Quitting the Rat Race #10: Finding Joy in Chopping Wood & Carrying Water!
There is a Zen saying, “Before Enlightenment chop wood carry water, after Enlightenment, chop wood carry water.” What’s the difference? The tasks are the same & yet different, ‘cos of a change in how we view them!!
Before enlightenment (in our context while we are still running the Rat Race; Quitting the Rat Race is nothing short of Enlightenment!!!) chopping wood & carrying water seem boring & mundane. We resent doing that…we do it grudgingly while our mind craves for excitement. We’d rather be living a high life, seeking thrills & excitement, planning our next purchase, next promotion, & impressing people with our shiny possessions. There is a huge Gap between reality & expectation & our mind is under constant stress.
After Enlightenment we start appreciating the beauty of mundane stuff. We perform the task of chopping wood & carrying water with Zen like ease & peace, basking in the sun & appreciating the miracle of existence & nature. Every breath is filled with peace & Joy. Profound Spiritual Joy can be found in everyday activities. The Chop Wood Carry Water attitude can be applied in the context of our everyday chores & help us realize that there is joy in doing the laundry, cleaning, paying bills, bathing, cooking, and doing what many people sadly think is boring everyday needs.
In this day and age where people rush here and there and express a sense of loss, because they feel they need to always be doing something noticable, I think this attitude would be a great healing tool, in teaching people that doing the “chores” of life, can in fact be a relaxing and growth enhancing activity.
This also reflects the attitude of rejoicing the way things are rather than always wanting for something else to happen. Usually our attitude is something like “If this is coffee, please bring me some tea; but if this is tea, please bring me some coffee.”~Abraham Lincoln. We just crave for the things that we don’t have instead of enjoying what has indeed been given to us.
”The Master sees things as they are,Without trying to control them.He lets them go their own way, And resides at the center of the circle. He/She understands that the Universe is forever out of control, And that trying to dominate eventsGoes against the current of the Tao. Be content with what you have; Rejoice in the way things are. When you realize there is nothing lacking, The whole world belongs to you.” ~Tao Te Ching.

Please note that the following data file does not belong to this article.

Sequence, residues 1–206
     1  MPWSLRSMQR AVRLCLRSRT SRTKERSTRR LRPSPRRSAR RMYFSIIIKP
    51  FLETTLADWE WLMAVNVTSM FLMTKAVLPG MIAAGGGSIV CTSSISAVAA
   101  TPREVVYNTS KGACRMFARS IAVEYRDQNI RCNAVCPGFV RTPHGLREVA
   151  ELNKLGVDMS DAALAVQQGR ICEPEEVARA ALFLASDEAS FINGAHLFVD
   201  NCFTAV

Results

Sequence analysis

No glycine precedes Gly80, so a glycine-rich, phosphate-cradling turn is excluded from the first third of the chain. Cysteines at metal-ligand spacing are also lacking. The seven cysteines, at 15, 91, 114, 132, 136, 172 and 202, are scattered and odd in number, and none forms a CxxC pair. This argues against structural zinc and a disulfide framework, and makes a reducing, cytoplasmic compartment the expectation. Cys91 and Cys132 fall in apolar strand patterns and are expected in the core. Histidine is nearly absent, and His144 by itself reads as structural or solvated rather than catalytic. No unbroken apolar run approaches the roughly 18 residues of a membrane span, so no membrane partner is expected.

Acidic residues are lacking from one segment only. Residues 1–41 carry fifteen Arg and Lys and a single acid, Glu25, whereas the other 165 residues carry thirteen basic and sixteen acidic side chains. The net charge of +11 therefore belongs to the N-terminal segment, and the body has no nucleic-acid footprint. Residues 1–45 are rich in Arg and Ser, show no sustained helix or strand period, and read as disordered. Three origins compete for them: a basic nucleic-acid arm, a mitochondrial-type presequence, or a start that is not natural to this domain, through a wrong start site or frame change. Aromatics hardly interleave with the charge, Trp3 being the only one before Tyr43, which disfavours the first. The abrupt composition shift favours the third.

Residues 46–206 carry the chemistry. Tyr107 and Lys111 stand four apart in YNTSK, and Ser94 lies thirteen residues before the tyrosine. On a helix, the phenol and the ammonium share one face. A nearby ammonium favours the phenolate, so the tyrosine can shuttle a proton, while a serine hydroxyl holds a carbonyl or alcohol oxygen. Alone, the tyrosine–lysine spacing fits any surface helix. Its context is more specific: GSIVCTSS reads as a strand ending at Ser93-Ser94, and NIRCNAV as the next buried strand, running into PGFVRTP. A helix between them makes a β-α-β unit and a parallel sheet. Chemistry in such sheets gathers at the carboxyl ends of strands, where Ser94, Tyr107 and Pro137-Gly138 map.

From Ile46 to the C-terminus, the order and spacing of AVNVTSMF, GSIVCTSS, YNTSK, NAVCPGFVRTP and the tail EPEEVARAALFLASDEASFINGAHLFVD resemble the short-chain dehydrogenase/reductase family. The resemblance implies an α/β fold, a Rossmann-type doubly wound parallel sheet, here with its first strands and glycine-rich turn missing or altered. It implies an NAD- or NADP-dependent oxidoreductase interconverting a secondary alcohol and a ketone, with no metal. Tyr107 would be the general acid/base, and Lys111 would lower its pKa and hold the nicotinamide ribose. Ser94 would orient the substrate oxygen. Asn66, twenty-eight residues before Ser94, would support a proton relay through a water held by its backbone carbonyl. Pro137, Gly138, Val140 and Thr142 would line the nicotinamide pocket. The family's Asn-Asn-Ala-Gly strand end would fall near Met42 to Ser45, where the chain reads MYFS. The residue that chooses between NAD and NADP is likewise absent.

This is the only meditation I know.
While I eat, I eat.
While I walk, I walk.
And while I feel sleepy, I sleep.
Whatsoever happens, happens.
I never interfere.
- Quitting the Rat Race #3: Inspiration from Lin Yutang (ritusthoughtcatcher.wordpress.com)
- Quitting the Rat Race #1: Drawing Wisdom from Wise Philosophers: #1 Epicurus (ritusthoughtcatcher.wordpress.com)
- Quitting the Rat Race #4: Killing the cycle of consumerism & (over) work (ritusthoughtcatcher.wordpress.com)
- Quitting the Rat Race #5: Can Money/stuff Buy Happiness? Putting Things in Perspective (ritusthoughtcatcher.wordpress.com)
- Quitting the Rat Race #6: Watching the Wheels Go Round n Round!!! (ritusthoughtcatcher.wordpress.com)
- Don’t Stay Hungry, Don’t Stay Foolish: Quitting The Rat Race #8 (ritusthoughtcatcher.wordpress.com)
- Quitting the Rat Race #9: Don’t be A DINK, DITK, DIOK (ritusthoughtcatcher.wordpress.com)
- Quitting the Rat Race #7: Lessons from the Mexican Fisherman (ritusthoughtcatcher.wordpress.com)
- 30 in 30: Day 30 (my “Currently Reading” list is never limited to *one* book) (katjevanloon.com)